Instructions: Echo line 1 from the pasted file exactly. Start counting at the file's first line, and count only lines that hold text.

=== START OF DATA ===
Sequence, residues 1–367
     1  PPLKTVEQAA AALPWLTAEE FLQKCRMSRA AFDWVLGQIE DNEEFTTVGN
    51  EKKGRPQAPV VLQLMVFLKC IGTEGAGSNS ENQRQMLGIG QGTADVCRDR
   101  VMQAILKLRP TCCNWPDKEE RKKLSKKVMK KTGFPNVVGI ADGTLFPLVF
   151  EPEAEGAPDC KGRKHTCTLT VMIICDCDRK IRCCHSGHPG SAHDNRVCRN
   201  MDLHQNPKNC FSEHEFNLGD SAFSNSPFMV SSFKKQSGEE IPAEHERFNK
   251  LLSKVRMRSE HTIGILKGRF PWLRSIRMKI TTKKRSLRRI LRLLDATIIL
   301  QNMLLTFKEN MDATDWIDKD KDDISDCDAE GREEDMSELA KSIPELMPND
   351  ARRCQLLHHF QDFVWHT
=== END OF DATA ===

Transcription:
Sequence, residues 1–367